Monday, November 29, 2010

How infertility messed me up emotionally

I've shared often on this blog how I'm not a girly-girl.

Not in clothes and certainly not in the groups of women friends normal women have.

I'm very friendly and can chat with anyone but at school and at varsity I had 2 - 3 close friends that I shared things with, and that was that.

Aside from being dumped by two friends, I haven't had any real friend drama, I think because I used to have a thick skin.

Friend 1 dumped me because I told her her boyfriend was cheating on her. She is now married to him and I have NO doubt he's still cheating on her but let's move on.

Friend 2 dumped me for no apparent reason. She dumped everyone, seriously everyone, family and all her friends because she went a bit psycho. This was my best friend at university, who stayed two doors down in the res (residence) from me.

Other than that, no issues.

Then I became infertile.

Suddenly I had all these feelings going on inside that I couldn't really talk to anyone about, not even D. As a man he felt a smidgeon of it but certainly nothing like the way I felt my body was broken, I was a failure, etc.

Slowly I learned the "infertile nod".

That's when you tentatively start chatting about things, get to the subject of children, and you both have a knowing that you're both infertile.

You test the waters and give each other the "infertile nod".

That's what happened with "my friend with the twins", C, and I.

We worked together, became friendly, got chatting and discovered we both wanted children desperately.

C dragged me to the infertility support group promising "we don't ever have to go back if they're weird".

Because I was scared of opening up, of sharing how I really felt, of being vulnerable in a room full of strangers.

That first time, I still thought everybody was a bit weird but they seemed so at ease with their stories that I was willing to come back one more time.

Until I was there every single time, except when I was travelling.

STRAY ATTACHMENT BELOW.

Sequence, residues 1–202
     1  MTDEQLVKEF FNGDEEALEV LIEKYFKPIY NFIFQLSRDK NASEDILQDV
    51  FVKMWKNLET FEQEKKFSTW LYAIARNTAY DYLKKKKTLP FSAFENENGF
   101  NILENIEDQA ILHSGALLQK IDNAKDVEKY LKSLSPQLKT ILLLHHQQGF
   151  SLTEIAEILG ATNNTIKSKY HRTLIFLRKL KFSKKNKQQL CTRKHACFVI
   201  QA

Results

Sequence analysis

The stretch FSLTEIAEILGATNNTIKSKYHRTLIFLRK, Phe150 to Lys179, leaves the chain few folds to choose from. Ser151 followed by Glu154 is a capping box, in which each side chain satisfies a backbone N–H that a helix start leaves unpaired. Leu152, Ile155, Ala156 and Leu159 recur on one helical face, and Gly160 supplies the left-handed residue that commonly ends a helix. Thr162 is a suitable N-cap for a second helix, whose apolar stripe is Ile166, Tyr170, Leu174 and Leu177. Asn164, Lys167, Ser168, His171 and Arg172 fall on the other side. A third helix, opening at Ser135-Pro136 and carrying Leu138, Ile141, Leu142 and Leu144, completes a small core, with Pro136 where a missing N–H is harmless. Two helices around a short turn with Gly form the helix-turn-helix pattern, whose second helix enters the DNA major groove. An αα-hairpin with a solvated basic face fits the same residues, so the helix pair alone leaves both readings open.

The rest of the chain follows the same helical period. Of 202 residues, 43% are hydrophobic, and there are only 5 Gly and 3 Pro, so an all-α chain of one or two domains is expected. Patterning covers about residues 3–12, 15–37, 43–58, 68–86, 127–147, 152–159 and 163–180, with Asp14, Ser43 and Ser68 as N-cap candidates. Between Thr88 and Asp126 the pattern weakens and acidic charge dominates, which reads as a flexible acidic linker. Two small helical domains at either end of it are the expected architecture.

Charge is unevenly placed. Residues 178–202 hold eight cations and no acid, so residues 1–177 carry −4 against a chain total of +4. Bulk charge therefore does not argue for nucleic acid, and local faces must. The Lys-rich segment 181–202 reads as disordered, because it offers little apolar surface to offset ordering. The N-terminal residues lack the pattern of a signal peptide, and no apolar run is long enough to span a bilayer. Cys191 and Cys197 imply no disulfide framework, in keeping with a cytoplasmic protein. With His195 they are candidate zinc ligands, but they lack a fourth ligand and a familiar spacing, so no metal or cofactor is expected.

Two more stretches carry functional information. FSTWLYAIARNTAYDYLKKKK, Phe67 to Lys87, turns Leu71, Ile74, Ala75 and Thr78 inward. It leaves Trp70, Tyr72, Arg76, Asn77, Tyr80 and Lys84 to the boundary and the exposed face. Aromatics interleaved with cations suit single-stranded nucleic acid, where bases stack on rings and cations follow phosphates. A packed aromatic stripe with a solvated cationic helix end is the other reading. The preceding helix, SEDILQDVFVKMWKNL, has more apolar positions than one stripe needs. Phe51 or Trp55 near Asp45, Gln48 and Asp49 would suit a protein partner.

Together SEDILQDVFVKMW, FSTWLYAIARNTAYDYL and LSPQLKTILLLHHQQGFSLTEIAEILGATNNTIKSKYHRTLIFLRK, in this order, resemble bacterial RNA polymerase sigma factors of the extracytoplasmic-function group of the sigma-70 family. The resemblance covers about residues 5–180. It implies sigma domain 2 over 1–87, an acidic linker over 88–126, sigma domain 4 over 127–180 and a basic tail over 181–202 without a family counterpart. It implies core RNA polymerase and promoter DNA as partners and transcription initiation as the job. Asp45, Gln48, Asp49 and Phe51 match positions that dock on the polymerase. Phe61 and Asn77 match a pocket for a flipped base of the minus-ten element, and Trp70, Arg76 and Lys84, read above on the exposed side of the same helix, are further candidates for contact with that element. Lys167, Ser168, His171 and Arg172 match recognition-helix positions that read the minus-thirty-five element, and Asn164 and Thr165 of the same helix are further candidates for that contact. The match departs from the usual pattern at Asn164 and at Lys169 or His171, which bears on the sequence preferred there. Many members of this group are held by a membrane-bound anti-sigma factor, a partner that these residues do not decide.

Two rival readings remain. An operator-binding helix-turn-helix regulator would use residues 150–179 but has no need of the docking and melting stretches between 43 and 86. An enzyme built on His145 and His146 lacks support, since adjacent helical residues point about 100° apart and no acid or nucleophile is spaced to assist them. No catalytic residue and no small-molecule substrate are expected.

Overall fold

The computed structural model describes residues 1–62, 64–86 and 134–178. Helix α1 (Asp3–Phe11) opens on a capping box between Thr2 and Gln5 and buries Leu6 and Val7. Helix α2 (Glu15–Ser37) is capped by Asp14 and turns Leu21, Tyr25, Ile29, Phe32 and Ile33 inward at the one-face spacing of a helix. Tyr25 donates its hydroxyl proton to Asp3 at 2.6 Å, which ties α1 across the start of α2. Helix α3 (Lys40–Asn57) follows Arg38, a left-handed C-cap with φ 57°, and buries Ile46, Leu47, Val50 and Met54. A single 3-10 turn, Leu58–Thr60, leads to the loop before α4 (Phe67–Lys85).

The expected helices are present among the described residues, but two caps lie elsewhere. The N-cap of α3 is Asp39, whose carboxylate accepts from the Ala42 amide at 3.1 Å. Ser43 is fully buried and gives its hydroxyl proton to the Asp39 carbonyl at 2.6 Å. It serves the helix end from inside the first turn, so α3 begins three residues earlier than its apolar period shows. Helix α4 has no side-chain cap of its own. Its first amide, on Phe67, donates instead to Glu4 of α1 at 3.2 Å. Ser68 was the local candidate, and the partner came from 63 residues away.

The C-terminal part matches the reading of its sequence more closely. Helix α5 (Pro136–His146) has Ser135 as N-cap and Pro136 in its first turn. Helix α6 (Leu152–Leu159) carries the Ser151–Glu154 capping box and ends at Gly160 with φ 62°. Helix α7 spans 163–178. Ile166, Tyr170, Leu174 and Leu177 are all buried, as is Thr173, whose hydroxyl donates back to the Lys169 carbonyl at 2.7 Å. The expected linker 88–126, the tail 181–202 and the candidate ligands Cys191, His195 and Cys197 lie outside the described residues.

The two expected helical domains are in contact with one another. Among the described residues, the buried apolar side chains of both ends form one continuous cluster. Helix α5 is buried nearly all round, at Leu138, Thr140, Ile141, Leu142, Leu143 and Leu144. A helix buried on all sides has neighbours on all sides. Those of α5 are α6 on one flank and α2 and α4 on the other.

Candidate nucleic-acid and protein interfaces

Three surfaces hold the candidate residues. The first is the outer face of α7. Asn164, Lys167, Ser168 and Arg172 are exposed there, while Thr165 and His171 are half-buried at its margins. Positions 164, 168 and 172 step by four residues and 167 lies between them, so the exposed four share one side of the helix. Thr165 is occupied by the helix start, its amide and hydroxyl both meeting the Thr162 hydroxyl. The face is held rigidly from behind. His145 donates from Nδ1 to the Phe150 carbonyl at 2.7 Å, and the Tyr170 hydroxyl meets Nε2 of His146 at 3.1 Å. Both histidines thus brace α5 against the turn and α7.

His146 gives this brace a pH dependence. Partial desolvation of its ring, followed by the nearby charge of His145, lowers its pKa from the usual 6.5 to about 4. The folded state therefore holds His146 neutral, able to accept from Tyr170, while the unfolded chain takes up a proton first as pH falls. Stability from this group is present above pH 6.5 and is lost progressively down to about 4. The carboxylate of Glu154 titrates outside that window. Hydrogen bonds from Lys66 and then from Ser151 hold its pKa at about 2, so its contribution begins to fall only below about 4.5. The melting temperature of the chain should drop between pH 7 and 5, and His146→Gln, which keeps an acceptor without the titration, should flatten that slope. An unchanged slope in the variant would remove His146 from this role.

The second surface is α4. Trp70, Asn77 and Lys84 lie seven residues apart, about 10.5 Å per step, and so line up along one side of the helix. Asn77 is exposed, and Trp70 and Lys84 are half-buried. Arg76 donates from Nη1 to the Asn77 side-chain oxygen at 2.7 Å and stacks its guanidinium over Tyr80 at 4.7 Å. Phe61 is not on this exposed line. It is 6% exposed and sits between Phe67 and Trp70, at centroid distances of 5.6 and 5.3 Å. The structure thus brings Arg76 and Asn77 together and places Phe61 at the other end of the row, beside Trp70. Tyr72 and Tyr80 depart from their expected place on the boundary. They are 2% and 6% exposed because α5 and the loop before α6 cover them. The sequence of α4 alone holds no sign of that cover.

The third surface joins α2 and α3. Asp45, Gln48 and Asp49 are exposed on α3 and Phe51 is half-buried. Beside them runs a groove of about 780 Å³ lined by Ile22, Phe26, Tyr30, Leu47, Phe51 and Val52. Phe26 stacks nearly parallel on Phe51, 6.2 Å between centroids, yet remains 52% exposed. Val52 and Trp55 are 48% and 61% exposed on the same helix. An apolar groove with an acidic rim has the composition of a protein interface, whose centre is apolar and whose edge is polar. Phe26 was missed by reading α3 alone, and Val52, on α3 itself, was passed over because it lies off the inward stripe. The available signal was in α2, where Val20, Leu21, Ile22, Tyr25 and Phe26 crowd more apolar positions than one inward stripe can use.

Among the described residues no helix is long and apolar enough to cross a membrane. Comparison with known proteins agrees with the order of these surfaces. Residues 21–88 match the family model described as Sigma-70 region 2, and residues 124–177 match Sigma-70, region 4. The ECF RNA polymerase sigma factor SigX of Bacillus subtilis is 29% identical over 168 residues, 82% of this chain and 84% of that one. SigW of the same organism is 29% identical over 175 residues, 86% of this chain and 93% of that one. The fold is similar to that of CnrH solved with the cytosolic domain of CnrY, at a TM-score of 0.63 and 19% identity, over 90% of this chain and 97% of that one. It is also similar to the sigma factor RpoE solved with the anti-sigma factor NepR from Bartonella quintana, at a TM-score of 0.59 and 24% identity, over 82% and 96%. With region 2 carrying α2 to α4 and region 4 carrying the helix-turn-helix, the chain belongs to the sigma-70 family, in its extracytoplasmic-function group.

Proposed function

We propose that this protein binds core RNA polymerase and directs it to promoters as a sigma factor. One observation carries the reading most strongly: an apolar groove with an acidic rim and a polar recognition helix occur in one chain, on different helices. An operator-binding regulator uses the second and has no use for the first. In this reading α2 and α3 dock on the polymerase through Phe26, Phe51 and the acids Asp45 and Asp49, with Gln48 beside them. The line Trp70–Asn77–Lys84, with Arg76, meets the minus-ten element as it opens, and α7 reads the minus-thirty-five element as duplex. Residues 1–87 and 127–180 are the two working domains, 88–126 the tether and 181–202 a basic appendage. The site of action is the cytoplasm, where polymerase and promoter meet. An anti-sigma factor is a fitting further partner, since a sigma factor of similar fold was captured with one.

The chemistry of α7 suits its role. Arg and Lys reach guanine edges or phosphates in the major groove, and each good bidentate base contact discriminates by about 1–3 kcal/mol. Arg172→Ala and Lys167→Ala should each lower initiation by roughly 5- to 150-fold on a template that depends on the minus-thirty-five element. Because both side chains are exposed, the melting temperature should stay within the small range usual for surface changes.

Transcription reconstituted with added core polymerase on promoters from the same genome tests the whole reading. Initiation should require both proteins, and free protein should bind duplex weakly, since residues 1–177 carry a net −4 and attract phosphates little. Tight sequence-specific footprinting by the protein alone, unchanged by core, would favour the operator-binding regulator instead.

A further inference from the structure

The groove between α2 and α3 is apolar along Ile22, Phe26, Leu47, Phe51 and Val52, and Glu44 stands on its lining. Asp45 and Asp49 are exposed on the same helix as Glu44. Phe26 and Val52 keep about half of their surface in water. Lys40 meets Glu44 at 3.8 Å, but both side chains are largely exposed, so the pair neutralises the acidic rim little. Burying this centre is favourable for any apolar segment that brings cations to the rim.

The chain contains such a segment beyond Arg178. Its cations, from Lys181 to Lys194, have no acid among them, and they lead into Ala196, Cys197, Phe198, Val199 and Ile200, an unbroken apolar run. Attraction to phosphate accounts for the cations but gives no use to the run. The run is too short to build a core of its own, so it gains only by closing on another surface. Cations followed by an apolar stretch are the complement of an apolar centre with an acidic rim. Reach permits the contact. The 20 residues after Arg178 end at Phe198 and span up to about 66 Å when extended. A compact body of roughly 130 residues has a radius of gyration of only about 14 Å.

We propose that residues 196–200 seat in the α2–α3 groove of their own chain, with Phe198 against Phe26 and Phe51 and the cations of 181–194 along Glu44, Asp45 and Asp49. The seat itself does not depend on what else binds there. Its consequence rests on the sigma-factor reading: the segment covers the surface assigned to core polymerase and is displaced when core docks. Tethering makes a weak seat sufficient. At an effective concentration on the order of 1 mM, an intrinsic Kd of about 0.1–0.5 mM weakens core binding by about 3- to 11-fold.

And I got more and more comfortable with sharing, with opening up, with becoming vulnerable.

I like to think I made a lot of really good friends in that group.

All that opening up made it easy for me to share my story with anyone who needed a bit of encouragement (not just at the group).

You'd think that was good news now that I wasn't as closed-off emotionally.

But you'd be wrong.

I'm still open and vulnerable but I feel like all my friends have crossed over the river of infertility and are safe and dry on the other side, well-adjusted.

Almost like they opened a little box in their heart, let their feelings out while they were waiting, and now they've locked the little boxes in their hearts and everything's safe and well again.

And me? Well, I'm this open, gaping, emotional mess.

I value connection and, while this is hard for me to say, I'm not getting what I need.

There I said it.

I was praying about this a few weeks ago and God reminded me that He is enough for me.

I know that, a bit too intellectually, but... I do know that.

Still, I need people too; talking back to God is not always as fun :)

Then I prayed again - this time that He would send a special someone into my life to meet my friendship needs. Or change relationships. Whatever He feels like doing.

So I wait...

And that is yet another way infertility messed me up emotionally.

For anybody who battled to have a baby, how has infertility messed you up?

P.S. I've just signed up for Mondo Beyondo. This is going on my Mondo list. There's a special today only, for just $49. Is anybody going to join me in January?


  1. I don't really know what to say other than after doing Mondo, I hope you will see that the act of writing down what you want (the right support network) will help you achieve it. I am definitely not "that" person since I did not have IF... it is a little odd sometimes being so fertile in the twin community because I never know the right thing to say.